You always remember the barriers and carry that with you [discrimination], [this] affects [your] confidence and ability.Participant, Let’s Talk Cafe: for Youth
Youth expressed that their mental health needs were not being met. They stated that the experience of race trauma created and manifested feelings of anxiety. One youth noted that she developed anxiety after moving to a community where she experienced people: staring at her, treating her as though she did not belong, excluding her from participating in activities, feeling unsafe in her community, and feeling isolated. Youth expressed that their parents came from Caribbean backgrounds, and placed pressure on them to be successful in their education. This pressure led to youth feeling that they had to be hard on themselves, and increased their feelings of anxiety. As youth have to navigate and identify their identity, they often between torn between their “true” self and identity and the image that they were “supposed” to uphold and the “othering” which often occurs with Black identity.
We should be able to be who were are without feeling like we’re not good enough – I should be able to walk into any space and say “this is who I am”Participant, Let’s Talk Cafe: for Youth
As a parent, listening to the experiences of our youth under 29 and hearing their struggles was increasingly painful. There are no words to describe how this experience was: triggering, hard, and disempowering. The burdens young people struggle with due to race can carry them throughout their lifetime.
How dare these systems, teachers, employers, professionals, and community leaders create unsafe places for our children, and our young people? Why should our children and youth continue to remained oppressed?
We place our faith, hope, and love into this generation of powerful youth. We definitely witnessed this in the Let’s Talk Cafe editions. We know that young people can take on the next stage of advocacy, leadership, mobilization, and support to guide our communities, our region, our province and our nation. We implore our young people to join our initiative, to use their voices, and to help us create sustainable change.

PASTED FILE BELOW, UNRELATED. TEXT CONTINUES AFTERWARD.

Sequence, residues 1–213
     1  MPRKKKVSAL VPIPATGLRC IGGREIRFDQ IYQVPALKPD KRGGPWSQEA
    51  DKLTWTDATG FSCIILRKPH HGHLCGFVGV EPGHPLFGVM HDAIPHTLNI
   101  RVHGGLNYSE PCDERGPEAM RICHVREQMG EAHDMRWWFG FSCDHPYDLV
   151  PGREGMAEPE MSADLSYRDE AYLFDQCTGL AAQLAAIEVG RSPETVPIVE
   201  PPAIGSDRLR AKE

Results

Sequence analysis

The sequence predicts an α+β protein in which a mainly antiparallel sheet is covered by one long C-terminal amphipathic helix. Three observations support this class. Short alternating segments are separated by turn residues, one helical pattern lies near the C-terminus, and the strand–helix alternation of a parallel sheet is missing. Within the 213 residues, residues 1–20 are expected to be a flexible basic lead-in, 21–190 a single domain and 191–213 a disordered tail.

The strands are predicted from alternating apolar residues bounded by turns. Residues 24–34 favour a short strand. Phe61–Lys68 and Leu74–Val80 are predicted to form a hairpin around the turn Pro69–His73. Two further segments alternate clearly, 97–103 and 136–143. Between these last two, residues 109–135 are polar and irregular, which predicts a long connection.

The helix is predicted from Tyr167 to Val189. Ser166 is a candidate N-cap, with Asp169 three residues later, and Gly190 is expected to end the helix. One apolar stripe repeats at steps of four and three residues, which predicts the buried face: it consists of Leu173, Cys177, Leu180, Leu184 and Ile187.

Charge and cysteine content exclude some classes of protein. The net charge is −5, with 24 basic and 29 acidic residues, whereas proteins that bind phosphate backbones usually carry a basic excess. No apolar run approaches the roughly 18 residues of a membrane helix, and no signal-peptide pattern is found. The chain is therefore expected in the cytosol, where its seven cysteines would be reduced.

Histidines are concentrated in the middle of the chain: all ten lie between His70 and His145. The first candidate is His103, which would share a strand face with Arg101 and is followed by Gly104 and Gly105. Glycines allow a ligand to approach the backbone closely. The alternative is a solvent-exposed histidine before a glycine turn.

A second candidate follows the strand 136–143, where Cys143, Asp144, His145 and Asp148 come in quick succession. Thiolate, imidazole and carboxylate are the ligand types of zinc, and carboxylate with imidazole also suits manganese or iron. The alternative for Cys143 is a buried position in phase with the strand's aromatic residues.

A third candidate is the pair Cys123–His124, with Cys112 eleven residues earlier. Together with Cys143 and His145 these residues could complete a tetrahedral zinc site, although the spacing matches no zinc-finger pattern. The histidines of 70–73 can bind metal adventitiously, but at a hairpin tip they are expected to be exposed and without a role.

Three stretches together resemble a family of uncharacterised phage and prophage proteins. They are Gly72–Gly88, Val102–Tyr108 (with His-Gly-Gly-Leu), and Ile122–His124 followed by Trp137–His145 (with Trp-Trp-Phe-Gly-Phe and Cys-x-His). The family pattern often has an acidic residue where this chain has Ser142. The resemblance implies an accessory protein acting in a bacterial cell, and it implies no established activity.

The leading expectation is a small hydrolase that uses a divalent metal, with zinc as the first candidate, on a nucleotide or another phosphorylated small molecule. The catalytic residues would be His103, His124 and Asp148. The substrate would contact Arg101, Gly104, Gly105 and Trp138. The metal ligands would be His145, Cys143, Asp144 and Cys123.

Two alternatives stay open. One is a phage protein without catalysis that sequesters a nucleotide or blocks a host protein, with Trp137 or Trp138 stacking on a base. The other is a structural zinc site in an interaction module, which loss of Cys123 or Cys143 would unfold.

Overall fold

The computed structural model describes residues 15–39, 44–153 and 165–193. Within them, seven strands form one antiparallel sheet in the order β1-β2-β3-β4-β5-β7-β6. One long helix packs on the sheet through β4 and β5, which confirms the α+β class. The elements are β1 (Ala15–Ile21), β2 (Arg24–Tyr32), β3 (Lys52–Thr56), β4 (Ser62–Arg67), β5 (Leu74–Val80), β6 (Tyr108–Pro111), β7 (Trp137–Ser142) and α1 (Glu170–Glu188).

How our youth find empowerment?
We were pleased to note that these experiences did not hinder our youth from finding peace within their lives, and in different ways. The youth highlighted how they have learned to create healthy boundaries within their friendships, and support their friends as they navigate through their experiences.
Can’t attend our workshops? Submit your comments in our survey:
For more information about our youth initiatives, check in with us in a few weeks. Join our Let’s Talk Cafe for Men and our Let’s Talk Cafe for LGBTQ2s+ community members. Interested in facilitating a workshop, support group or virtual cafe, submit your interest to: Become A Facilitator.
Learn more and contribute to our blog
Have a story for us? A creative idea? Want to share your insight? In building community, we strive to hear from you about your ideas, your creative writing, and businesses that support Black community members. We are based primarily in Durham Region, but are accepting articles and resources for all of Ontario. Presenting skills?? We […]
We have spent the past few months, June 2020 to now talking about anti-Black racism. We have witnessed the horror of Mr. Floyd’s murder, and have fought for justice for many Black youth, men and women killed by the police and other citizens. We have watched as many have pulled titles off the shelves, “White […]
Buzz words and terms that many lay people do not understand nor know how to apply these terms into their daily lives. Defining Anti-Black Racism Watch our video: Why do we March? narrated by Jordanna and Samantha, MSW students from the University of Windsor. How does anti-Black racism impact our children’s lives? In Ontario, it […]